At the event, Digital Bridge announced initial agreements with City on a Hill, Riverwest Food Pantry and Riverworks Center to host Bridge Milwaukee sessions at their facilities in early 2019, with additional sessions planned as more Milwaukee area non-profits learn about the program and of its availability.
Menomonee Falls-based Kohl’s Corp. announced it will donate $500,000 in grants to 22 local nonprofit organizations through the company’s Hometown Giving Program.
The funding, which is generated by the Kohl’s Cares philanthropic program, will support Milwaukee-area programs focused on health and wellness, arts and culture, conservation, education and social services.
To celebrate the Season of Giving, presented byGruber Law Offices, youth from City on a Hill - Milwaukee were treated to a night they won't forget at Kohl's!! #NBACares
Some members of the Milwaukee Bucks spent the afternoon with kids and took them shopping. It was all part of 'Shop With A Buck.' The players went to the Kohl's at Bayshore as part of the Bucks' Season of Giving. The event helps the kids get ready for the holiday season by shopping for gifts.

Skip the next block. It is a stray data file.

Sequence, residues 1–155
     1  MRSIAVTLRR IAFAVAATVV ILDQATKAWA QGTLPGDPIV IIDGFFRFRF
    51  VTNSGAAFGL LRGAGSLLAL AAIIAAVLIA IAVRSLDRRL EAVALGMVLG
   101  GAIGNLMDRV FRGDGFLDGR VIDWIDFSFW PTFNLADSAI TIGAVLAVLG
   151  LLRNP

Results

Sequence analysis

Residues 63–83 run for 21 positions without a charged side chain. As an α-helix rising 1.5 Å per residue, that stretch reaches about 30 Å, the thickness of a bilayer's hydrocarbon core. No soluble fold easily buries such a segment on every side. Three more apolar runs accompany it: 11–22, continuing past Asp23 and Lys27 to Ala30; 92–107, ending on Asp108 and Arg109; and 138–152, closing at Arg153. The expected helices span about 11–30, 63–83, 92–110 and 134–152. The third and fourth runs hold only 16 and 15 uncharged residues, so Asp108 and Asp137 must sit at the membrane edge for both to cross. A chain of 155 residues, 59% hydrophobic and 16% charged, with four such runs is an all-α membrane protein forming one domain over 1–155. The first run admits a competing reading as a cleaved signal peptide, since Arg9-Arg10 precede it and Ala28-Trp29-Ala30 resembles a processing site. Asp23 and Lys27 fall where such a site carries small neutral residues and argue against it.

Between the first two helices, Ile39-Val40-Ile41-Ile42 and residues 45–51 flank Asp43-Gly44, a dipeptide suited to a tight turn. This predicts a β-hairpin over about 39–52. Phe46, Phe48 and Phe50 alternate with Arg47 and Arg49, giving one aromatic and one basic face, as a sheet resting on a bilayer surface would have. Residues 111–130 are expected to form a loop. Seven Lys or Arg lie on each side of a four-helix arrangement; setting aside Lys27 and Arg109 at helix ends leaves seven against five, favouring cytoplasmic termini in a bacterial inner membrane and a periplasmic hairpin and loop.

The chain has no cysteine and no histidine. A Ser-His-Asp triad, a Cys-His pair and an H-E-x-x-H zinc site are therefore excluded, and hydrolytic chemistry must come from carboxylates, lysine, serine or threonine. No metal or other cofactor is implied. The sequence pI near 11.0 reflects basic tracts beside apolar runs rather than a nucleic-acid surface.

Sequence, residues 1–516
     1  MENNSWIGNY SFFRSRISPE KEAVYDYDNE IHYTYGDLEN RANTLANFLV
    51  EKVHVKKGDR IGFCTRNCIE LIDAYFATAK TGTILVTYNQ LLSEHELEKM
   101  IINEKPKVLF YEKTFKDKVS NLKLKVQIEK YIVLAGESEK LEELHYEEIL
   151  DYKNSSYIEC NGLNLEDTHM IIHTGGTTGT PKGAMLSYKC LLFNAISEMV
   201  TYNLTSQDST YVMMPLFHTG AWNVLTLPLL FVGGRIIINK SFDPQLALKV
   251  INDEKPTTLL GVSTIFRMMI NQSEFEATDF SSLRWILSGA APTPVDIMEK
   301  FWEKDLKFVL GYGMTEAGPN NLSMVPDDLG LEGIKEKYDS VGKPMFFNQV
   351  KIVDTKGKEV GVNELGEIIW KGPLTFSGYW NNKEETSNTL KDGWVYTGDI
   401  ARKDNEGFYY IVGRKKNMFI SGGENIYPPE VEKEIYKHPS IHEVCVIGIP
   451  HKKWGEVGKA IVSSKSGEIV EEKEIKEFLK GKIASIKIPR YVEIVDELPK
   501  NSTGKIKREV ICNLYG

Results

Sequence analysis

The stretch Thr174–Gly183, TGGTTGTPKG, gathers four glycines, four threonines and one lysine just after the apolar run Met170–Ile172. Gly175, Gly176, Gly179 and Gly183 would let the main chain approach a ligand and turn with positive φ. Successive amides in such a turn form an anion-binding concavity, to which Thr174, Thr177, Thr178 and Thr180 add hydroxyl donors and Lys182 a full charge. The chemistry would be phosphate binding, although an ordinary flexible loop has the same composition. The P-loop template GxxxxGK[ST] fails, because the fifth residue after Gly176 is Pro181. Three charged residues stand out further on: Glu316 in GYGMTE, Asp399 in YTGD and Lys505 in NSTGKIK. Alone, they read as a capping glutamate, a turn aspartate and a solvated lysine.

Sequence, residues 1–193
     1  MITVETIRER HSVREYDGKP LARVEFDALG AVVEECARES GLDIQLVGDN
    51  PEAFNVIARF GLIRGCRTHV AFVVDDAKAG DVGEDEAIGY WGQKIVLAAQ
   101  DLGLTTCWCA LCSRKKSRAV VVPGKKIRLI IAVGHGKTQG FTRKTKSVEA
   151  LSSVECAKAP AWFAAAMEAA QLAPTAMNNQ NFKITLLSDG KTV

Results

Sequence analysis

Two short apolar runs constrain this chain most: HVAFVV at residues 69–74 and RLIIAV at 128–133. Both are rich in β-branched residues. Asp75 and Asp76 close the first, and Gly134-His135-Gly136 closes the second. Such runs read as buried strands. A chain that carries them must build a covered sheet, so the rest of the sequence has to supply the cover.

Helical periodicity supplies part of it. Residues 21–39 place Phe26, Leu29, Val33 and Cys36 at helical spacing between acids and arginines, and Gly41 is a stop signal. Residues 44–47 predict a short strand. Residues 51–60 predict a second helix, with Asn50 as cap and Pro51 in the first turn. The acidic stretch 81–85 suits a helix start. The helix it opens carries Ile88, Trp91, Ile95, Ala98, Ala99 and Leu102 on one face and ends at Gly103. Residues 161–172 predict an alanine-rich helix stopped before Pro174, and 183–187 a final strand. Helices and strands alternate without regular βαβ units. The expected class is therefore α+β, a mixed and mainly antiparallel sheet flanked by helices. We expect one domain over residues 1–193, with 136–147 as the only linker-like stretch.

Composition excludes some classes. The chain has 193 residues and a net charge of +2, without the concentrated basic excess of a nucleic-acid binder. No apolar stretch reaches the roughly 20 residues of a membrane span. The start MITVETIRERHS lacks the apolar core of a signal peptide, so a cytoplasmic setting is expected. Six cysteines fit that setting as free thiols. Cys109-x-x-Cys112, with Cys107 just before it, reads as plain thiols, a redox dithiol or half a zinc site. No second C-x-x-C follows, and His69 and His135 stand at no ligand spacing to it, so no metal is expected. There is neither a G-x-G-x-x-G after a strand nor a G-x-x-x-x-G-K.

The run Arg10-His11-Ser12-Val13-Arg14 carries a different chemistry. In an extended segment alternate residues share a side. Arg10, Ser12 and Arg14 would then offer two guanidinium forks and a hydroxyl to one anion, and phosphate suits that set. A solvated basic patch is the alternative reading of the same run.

Malcolm Brogdon, Pat Connaughton and Tony Snell spent Monday evening with a group of 12 kids to help them get ready for the holiday season during the annual “Shop with a Buck” event at Kohl’s at Bayshore Town Center. Check out the attached slideshow from Milwaukee Business Journal freelance photographer Kenny Yoo to see photos from the event.
Marquette Univeristy's Alpha Epsilon Delta fraternity raised money for City on a Hill during the Monster Dash. The pre-professional fraternity is partnering with City on a Hill to help raise money through local fundraisers, and through volunteering.
"The Carroll community will continue a longstanding tradition of giving time to non-profits in the Milwaukee and Waukesha areas on Sept. 29 when it celebrates 10 years of its Carroll University Volunteer Day.
Alumna Diane De La Santos ’81 is executive director at City on a Hill, one of the partner sites for CU Volunteer Day. She said volunteers help make the agency’s work possible in serving hundreds of children and families."